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Future Men: Raising Boys to Fight Giants

4.25  ·  Rating details ·  1,075 ratings  ·  158 reviews
How do we build our sons to be tough but not arrogant? mannered but not soft? imaginative but not lazy? bold but not hollow? Future Men is a Christian guide to raising strong, virtuous sons, contrary to the effeminacy and sentimentalism of contemporary culture. When Theodore Roosevelt taught Sunday school for a time, a boy showed up one Sunday with a black eye. He admitted ...more
Paperback, 200 pages
Published December 1st 2011 by Canon Press (first published January 1st 2001)
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Average rating 4.25  · 
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Nov 26, 2012 rated it really liked it  ·  review of another edition
About half way through this book I realized Doug Wilson wasn't going to provide a "how-to" for his readers on raising boys to be godly men. The examples from his own family were few and far between.

What he did provide, once I had the ears to hear, was a thoroughly biblical foundation for raising good men. The outcome was far more helpful than a book of "10 tricks for effective parenting". Once rooted in biblical principles, the Spirit can and will guide parents in the day to day discipline and
Leandro Guimarães
May 14, 2018 rated it really liked it
This is a very good and useful book. Loses a star (it would have lost only half a star, were that possible) for its somewhat cavalier usage of the Bible, with some minor occurrences of eixegesis, that is, taking (Biblical) texts out of context and giving it unwarranted interpretations.

Sets a high standard for raising boys. I do feel I fall short, and pray God will supply my many faults in raising my son.
Jun 28, 2016 rated it really liked it  ·  review of another edition
For boy moms, this is a very helpful read. Loaded with scripture, and he discusses topics that seem weighty and confusing to me. I've dog-eared a lot of the pages and chapters for me to return to as my sons grow older. Loved it, and I'm very thankful to have gleaned from Douglas Wilson.
Sean Higgins
Mar 15, 2009 rated it it was amazing  ·  review of another edition
If you are a man, are raising a man, or know a man, I cannot imagine better help to make a godly man than this book.

That said, this is not for faint-hearted, effeminate readers. There may be some gristle to spit out while enjoying big bites of meat.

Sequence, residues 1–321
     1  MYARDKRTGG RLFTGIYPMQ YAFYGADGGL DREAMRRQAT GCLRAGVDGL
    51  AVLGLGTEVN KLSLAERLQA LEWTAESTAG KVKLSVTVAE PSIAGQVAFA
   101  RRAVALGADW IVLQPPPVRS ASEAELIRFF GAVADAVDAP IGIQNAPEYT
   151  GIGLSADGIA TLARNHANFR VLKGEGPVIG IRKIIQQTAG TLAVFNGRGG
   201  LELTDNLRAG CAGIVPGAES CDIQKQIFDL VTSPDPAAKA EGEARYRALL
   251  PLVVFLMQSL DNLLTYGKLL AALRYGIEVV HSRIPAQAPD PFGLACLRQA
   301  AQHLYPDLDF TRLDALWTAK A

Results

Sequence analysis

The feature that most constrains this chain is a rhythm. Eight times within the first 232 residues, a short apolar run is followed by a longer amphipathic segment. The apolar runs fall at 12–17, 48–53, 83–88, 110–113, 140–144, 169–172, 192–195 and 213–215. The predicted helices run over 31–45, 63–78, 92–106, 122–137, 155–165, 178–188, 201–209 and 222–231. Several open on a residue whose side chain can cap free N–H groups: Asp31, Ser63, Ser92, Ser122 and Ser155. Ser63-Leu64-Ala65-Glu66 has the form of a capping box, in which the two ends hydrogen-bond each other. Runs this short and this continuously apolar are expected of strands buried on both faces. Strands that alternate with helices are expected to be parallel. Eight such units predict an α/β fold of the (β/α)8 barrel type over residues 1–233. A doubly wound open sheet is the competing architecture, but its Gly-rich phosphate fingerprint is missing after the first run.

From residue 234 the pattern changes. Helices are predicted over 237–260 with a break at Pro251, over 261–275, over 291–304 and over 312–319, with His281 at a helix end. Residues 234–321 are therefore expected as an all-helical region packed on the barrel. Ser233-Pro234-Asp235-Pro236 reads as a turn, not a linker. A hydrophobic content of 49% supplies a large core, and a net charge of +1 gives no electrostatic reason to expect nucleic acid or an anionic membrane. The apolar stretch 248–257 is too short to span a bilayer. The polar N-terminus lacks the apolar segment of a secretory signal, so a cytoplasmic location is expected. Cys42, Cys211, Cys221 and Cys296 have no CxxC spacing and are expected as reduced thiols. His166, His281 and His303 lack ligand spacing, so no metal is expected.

Read again May 2013. Really good. And important. We need more men to put on their pants and help their sons learn how to do the same.
John Boyne
May 24, 2019 rated it it was amazing
This little book is one that I will likely go back to again and again through out the development of my son. Wilson provides excellent advice and a biblical worldview to raising boys in our current culture. Boys are very unique and need to be raised differently from girls in order for them to embrace the true potential that God has given them and Wilson works diligently to show that. I highly recommend this book to new fathers of sons as well as experienced parents.
Anthony Ray
Jul 25, 2018 rated it really liked it
Shelves: theology, wilson
Per usual, Wilson is accessible and succinct. A great read not only for parents of sons, but for young men looking for a theology of manhood. Will probably revisit and reference over the years as a father.
Jessie Wittman
Worth reading, even though I gave it three stars!!! I plan to pick up this book in a couple years to skim through it again to be reminded of some of his good perspectives. Wilson has some great over-arching principles about future men, I gleaned a lot from the opening chapter and the chapter on 'moms and sisters.' However, he fails often in his application of these principles, making things rather legalistic and fundamentalist because of his a patriarchal-colored lenses built on 1950s American ...more
Oct 17, 2014 rated it it was amazing  ·  review of another edition
WARNING: The following statement is not to be understood as cliché or an overstatement, "this is the best book I have ever read about raising boys."

Doug Wilson will challenge the way you think about raising boys and he does not pull any punches on the sensitive topics many authors tip-toe around. This book is theologically rich and full of biblical support. You will not agree with everything Wilson says but at the same time you will not be able to disagree with him. The content is directly
Jake McAtee
Nov 25, 2015 rated it it was amazing  ·  review of another edition
Fantastic. How to raise Dragon-slayers.
Jacob Rush
Sep 27, 2017 rated it it was amazing  ·  review of another edition
A very thorough and practical book on what it means to be train boys to be men. An essential read for those who will be fathers one day, and for young men who have a sneaking suspicion that what has been presented as masculinity in our churches and culture (in both the macho and effeminate ditches) is not the real deal.
Davey Ermold
Jun 20, 2019 rated it it was amazing
Shelves: family-parenting
I would consider this a must-read for parents of boys. Wilson aptly writes about pressures facing boys in today’s culture, specifically the trend towards effeminacy. At the same time, it’s clear that Wilson’s views are impacted by his theonomy; his brash, aggressive tone frequently leading to subjective browbeating disguised as objective biblical truth. Read with discretion, but definitely read.
I liked this book much less than I thought I would. He was short on examples and long on his (frankly ridiculous) opinion of stereotypes. Ultimately not the book I'm looking for, but one I might read again.
Nov 13, 2018 rated it liked it
3 stars because I feel like this book lacks consistent content. Some chapters were really helpful and well written and I will revisit them. Some chapters had a lot of cultural references I didn’t understand at all and heavy use of sarcasm with implied meanings I just couldn’t catch. The book felt like a collection from previous works with some hastily written additions, and not a stand alone thing, which is a problem for people reading this as their first (my second) Wilson book.
Lendl Meyer
Jul 28, 2019 rated it really liked it  ·  review of another edition
A kick-in-the-pants-style reminder to look to God's word and ways in leading our families and raising our boys.
Samuel Parkison